Jesus heals on the Sabbath… again. And the religious leaders get angry because he broke the rules. This is a classic.
At the beginning of the story we see something really powerful. The crippled woman doesn’t seek out Jesus for healing. Her friends don’t carry her to Jesus, or make a ruckus so Jesus be forced to respond to them. Instead we see Jesus call to her. It is an absolutely poignant moment of good news. It is a clear reminder that in our brokenness God continues to call to us, desiring to heal us. God does not simply leave us abandoned to our sinful proclivities.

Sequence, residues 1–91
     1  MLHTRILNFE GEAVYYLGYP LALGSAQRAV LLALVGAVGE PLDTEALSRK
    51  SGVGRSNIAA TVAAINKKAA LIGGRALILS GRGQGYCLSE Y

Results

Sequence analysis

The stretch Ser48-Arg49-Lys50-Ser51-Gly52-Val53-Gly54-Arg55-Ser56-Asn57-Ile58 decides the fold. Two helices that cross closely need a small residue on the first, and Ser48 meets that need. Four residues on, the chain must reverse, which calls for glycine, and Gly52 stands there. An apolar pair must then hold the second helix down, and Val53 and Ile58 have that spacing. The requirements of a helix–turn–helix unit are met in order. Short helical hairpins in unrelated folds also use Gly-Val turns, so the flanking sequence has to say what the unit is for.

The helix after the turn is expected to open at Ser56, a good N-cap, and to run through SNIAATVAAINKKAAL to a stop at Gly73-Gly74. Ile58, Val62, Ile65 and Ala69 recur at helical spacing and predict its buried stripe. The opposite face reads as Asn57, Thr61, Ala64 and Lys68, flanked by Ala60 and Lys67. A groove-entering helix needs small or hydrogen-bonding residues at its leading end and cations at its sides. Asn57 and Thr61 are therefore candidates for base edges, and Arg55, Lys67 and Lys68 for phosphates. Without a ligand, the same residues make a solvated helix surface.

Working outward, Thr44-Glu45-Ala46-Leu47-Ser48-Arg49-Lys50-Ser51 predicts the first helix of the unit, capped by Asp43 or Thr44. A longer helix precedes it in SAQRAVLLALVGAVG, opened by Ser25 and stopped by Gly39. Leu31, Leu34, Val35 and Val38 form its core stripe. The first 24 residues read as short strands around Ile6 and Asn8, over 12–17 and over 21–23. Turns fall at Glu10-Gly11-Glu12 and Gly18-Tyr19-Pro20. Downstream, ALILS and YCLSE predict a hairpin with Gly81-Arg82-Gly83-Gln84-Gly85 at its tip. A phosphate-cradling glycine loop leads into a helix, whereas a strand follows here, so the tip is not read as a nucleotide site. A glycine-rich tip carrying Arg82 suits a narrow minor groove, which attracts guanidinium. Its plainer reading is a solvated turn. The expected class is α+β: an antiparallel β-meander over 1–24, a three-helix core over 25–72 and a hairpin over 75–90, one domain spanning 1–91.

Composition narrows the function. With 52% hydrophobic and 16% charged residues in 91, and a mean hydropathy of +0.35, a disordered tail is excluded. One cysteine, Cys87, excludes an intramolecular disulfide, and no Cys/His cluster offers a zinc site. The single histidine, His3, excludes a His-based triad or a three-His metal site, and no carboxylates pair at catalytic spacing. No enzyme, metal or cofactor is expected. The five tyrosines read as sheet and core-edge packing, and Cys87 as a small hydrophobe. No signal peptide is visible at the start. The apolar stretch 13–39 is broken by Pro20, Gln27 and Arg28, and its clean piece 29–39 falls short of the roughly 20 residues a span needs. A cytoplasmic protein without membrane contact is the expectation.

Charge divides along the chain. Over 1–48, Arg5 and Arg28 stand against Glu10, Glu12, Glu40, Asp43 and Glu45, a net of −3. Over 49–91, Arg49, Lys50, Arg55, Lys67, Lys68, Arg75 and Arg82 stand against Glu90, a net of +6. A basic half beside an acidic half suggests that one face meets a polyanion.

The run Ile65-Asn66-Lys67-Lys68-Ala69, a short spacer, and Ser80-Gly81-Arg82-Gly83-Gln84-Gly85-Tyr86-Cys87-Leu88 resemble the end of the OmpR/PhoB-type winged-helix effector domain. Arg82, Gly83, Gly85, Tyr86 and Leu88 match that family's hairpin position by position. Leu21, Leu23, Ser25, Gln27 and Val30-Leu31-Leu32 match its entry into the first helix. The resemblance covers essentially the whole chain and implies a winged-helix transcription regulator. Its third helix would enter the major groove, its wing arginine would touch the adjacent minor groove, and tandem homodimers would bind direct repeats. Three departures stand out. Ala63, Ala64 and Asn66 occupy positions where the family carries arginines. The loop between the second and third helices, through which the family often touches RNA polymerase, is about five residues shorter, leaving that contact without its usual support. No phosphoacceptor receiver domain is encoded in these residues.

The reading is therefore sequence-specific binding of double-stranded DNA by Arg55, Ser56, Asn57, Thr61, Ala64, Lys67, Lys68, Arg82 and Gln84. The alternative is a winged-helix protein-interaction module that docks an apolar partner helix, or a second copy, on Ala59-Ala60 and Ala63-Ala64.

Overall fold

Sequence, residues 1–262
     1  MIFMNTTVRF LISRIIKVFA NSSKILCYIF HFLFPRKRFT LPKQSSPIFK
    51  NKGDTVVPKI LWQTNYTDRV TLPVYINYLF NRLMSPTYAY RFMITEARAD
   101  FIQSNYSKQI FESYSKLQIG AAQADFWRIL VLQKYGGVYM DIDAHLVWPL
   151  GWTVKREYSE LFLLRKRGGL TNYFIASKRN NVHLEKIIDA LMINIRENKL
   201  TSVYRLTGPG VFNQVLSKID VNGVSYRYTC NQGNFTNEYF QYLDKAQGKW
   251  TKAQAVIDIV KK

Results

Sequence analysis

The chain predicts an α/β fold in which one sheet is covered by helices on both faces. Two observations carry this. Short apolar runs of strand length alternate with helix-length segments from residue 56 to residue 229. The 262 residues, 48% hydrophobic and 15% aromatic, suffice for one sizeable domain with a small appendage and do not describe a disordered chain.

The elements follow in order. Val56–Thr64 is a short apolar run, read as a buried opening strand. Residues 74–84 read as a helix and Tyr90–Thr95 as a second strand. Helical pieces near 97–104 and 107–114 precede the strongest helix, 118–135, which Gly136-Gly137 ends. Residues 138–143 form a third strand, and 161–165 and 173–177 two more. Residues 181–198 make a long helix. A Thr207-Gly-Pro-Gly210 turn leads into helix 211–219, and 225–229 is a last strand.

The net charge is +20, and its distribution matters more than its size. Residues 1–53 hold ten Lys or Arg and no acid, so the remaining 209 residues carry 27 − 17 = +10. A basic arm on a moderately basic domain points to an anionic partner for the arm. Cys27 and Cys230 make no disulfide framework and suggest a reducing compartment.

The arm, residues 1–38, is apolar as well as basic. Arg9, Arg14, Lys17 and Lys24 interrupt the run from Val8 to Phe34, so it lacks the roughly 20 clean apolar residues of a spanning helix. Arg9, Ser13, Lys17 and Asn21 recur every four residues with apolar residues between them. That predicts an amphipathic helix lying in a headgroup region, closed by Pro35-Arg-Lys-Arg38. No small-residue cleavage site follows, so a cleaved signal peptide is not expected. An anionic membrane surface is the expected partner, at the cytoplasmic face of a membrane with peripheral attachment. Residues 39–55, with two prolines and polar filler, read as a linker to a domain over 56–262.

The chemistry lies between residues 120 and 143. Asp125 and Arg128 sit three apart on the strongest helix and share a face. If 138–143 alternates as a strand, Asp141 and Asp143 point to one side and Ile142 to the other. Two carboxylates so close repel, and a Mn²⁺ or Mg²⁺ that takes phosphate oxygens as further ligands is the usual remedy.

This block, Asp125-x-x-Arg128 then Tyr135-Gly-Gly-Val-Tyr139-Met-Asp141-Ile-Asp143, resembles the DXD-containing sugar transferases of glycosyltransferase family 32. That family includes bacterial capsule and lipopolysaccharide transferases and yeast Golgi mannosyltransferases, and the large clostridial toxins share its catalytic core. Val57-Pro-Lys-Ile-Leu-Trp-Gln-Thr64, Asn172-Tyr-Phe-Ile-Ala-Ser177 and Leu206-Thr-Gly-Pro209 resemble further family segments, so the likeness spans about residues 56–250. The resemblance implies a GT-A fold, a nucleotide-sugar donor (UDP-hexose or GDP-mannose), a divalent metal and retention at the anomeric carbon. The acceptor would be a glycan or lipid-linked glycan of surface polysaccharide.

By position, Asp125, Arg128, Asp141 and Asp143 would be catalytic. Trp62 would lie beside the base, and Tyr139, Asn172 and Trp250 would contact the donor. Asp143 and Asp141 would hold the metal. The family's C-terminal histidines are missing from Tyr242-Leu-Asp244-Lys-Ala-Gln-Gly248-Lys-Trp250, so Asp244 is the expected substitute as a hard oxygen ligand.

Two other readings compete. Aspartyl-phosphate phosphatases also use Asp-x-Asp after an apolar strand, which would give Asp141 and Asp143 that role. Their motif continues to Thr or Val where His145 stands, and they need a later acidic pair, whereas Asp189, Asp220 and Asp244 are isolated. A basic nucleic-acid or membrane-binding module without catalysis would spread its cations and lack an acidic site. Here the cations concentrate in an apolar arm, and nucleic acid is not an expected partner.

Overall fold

But the religious leader really catches my eye this week. The dangers of losing sight of the main thing are displayed clearly when he tells Jesus that Jesus shouldn’t be healing on the Sabbath. Lots of us would benefit from taking more care with the practices of faith, whether it be resting one day in seven, praying and fasting regularly, giving of our stuff and time, but these things are not ends to themselves. This danger stalks us too. We forget that these are things set us free, not practices to imprison us. But we treat them like practices that are hardships designed to imprison us and others. The key is when in the midst of these practices to remember the main thing. That it is for freedom we have been set free from the tyranny of sin and death. We don’t earn salvation by following a set of spiritual practices, but they can help us to experience that freedom if we let them hold a proper place in our lives. This is what Jesus is getting at in his statement about the woman being set free on the Sabbath.